Evaluate all policies and procedures, including disposal policies and practices, for weaknesses or other deficiencies in existing security controls.

  • Prioritize the risks to be addressed starting with the highest risks.
  • dentify controls that will mitigate each risk to an acceptable level. Consider:
    • Administrative controls (policies and procedures)
    • Physical controls (ways to prevent the unauthorized disclosure of confidential information)
    • Technical controls (using technology, like encryption, to reduce risk)
    • Cost (some regulatory schemes allow the consideration of cost in the mitigation/control analysis)
  • Select the preferred control/mitigation alternative for each source of risk.
  • Develop a plan to implement each control/mitigation measure.
  • Develop a process to monitor risk sources and risk mitigation controls.
  • Mitigate each risk to an acceptable level.

7. Review and update risk assessment, mitigation measures, policies and procedures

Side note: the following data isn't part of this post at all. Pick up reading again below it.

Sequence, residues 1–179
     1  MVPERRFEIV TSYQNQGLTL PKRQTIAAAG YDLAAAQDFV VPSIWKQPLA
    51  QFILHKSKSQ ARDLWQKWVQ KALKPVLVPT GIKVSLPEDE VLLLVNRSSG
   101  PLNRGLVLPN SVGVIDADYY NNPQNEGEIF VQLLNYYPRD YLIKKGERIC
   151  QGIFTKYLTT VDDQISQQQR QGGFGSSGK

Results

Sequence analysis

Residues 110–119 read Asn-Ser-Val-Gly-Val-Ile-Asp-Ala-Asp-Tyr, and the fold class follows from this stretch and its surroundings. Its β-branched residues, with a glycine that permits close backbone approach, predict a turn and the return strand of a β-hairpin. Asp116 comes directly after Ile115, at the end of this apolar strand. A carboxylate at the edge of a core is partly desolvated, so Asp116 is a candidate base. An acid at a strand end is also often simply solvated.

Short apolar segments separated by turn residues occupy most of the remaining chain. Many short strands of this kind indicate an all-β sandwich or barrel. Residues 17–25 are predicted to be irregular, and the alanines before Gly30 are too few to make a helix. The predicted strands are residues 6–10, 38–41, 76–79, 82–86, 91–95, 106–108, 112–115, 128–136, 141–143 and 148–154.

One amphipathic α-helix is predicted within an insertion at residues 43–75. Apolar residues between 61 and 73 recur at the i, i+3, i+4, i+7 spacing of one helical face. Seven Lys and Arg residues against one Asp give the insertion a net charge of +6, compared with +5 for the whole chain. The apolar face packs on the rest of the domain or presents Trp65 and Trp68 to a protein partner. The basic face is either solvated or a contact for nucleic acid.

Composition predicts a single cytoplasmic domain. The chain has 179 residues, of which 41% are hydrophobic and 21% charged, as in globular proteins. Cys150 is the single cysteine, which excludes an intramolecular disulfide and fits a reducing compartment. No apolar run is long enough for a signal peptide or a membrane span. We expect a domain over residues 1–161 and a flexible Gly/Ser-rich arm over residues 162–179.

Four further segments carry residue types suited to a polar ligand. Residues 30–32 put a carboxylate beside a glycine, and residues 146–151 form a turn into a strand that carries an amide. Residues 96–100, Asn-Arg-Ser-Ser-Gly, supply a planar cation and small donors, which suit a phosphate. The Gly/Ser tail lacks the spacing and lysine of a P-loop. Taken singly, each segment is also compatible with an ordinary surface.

Your risk assessment and mitigation measures will change over time. You should have a written procedure to review and update the risk assessment, mitigation measures, policies, plans and procedures to respond to changes in your operations, experience or working environment. Under some regulatory schemes, this is not optional.

Your procedure must be customized to your needs and environment. Consider the following suggestions when preparing your procedure:

  • Select two dates each year, approximately six months apart, to review your risk assessment table. Discuss any changes to your operations, experience or environment that may translate into a need to modify the risk assessment and mitigation controls.